- Last Updated on Wednesday, 19 June 2013 11:04
- Published on Wednesday, 19 June 2013 00:02
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Colonial Beach Town Council spent a great deal of time at the June meeting on two ordinances that would vacate two town-owned parcels and approve the sale to adjoining property owners. Both of which required public hearings.
The council voted unanimously to vacate the properties, but resistance from council members caused the sale of one property to be set aside for a later date.
In question was an unused parcel of land, owned by the town, located on Hamilton Street, next to adjoining properties owned by Cameron Craig Berry and Clayton L. Shepherd.
The parcel has been offered to both property owners. Shepherd stated to council he was only interested in a small portion of the lot so the town divided the property into two parcels. One measuring 5,198 sq. ft. and appraised at $41,600 to be offered to Berry. The other measuring 827 sq. ft. and appraised at $6,600, to be offered to Shepherd.
Only one member of the audience commented, Jay Jarvis, who asked that the town make sure they get the best price for the parcel. However it was clear that Councilwoman Linda Brubaker came prepared to dispute the sale price of one of the parcels.
The 827 sq. ft. section being offered to Shepherd is waterfront property, so it requires a majority vote of at least six people to pass.
Brubaker spoke at length expressing her belief that the property had been appraised too low and felt the town should get more money for it.
Brubaker did not fully understand the steps and process of dividing, vacating, appraising and selling town owned property but did come prepared to take a stand on the issue. Brubaker quoted the guidelines for vacating alleyways and other town properties. “It says they can be charged appraised value or an agreed upon amount.”
Brubaker then asked how did the staff agree on the figures presented for the two parcels.
Town Manager Val Foulds stated that the town and parties did not customarily negotiate on a price. In the past, town staff has always used the appraised values when drafting the ordinance for the sale. Foulds stated that in the past this is what the council has instructed staff to do, but stated that if the council wishes staff to come to an agreement on price before the document is drafted, it is entirely their call.
Brubaker asked “How do you know? I mean these people have let you know that they are interested in these parcels, do they bid on it, what’s that process? I’m sorry, I’m new so I don’t know.”
Foulds was happy to explain the process and referred to the document Brubaker quoted, stating that the process is outlined step by step. Foulds said that when the document is first brought before the council staff shares the appraisal amount and asks the council to go take a look at the property. Foulds said after time has passed to review the information, staff will ask the council for permission to advertise and place the matter on the agenda. Foulds told Brubaker that is the time when council should bring up any items they want to change or discuss further, before money is spent on legal advertising.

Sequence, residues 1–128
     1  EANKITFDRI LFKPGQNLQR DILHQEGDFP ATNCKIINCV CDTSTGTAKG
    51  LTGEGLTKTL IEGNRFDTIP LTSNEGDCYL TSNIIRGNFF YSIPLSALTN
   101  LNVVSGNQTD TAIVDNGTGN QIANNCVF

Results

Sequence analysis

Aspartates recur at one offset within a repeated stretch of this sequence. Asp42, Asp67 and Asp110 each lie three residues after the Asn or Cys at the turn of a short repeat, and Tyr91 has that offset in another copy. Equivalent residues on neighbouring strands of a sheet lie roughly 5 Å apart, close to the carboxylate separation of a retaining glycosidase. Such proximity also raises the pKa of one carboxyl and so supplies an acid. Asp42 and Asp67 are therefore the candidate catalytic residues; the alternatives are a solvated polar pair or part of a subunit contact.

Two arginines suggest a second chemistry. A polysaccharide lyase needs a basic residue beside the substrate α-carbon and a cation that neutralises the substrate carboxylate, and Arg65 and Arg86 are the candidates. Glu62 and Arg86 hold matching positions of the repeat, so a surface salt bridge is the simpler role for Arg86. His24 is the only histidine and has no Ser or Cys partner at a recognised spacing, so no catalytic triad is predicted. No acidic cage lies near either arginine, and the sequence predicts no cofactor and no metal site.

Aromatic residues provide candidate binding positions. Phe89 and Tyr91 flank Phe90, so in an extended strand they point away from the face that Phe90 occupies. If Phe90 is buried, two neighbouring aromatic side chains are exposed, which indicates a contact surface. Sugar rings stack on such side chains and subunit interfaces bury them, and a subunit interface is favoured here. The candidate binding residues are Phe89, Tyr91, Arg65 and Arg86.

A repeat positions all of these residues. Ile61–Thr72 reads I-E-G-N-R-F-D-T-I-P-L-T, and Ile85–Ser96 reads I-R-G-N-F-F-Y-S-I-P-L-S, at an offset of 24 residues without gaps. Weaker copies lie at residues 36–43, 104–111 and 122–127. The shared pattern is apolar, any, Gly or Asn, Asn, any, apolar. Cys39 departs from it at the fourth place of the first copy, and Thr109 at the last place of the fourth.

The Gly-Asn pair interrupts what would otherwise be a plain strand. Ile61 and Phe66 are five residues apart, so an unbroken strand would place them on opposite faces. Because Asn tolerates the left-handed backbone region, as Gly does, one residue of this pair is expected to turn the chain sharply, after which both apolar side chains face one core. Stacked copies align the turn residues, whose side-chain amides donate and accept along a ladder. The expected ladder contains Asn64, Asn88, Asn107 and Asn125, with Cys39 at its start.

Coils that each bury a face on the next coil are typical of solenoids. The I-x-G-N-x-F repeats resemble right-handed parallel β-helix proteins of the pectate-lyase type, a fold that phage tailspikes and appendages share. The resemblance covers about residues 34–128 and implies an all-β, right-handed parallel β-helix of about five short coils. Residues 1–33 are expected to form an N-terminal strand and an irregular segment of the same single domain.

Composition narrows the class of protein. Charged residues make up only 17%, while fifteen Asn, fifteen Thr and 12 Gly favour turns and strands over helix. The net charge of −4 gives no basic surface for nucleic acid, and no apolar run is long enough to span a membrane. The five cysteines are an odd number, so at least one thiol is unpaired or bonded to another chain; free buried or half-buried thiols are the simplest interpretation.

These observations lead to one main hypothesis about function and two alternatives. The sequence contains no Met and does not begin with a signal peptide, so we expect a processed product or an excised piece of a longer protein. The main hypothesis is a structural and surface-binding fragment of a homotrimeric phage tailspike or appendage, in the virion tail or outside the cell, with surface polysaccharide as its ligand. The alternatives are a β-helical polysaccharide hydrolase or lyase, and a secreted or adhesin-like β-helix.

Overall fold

Councilwoman Wanda Goforth spoke up saying, “I would like to defer this, I think the second portion of this property is way undervalued.”
Both properties are appraised at $8 a square foot, but Goforth feels that the property is worth much more because it is waterfront property.
Shepherd argued that the property is worthless alone.
Brubaker called Shepherd out stating that his pier is on town property.
Shepherd stated it was a foot and a half and argued that he paid for and installed a bulkhead that sits on town-owned property to avoid erosion. Shepard said that Pete Bone, who was mayor at the time, told him if he got approval from U.S. Army Corps of Engineers and paid for it, he could.
Brubaker indicated she was not responsible for what went on in during past administrations.
Finally, Councilman Gary Seeber asked for a show of hands from members on who would vote in favor of selling the smaller parcel at the appraised price.
Without having a majority vote, councilman Seeber motioned to separate the two sales to allow the first parcel of land offered to Berry to be approved for sale.
The council then acted on Goforth’s motion to set aside the sale of the second parcel and unanimously passed the sale of the larger parcel.
The council agenda included announcements by council and department heads, approval of meeting minutes and handing out awards as well as citizen input.
Aside from these matters, the agenda included passing two resolutions; one to amend the fiscal year budget to include adding money from the state of Virginia to fund road maintenance and a resolution to institute a hiring freeze.
Council voted unanimously to pass a hiring freeze for the town staff in Colonial Beach but amended the resolution to exempt road workers. That request for amendment came for Councilman Seeber who stated that the road money is state funded and if it isn’t spent it does not get reimbursed.
Seeber cautioned council that if any road workers quit or became ill, the town should not have to go through the council to replace these positions.
Councilman Tim Curtin said, “My concern is where we will be six to eight months from now. There are employees that if they choose to resign we can’t do without.”
The resolution passed with a vote of four in favor. Mayor Ham and Vice Mayor Tommy Edwards voted against the hiring freeze and Councilman Seeber abstained without giving his reason.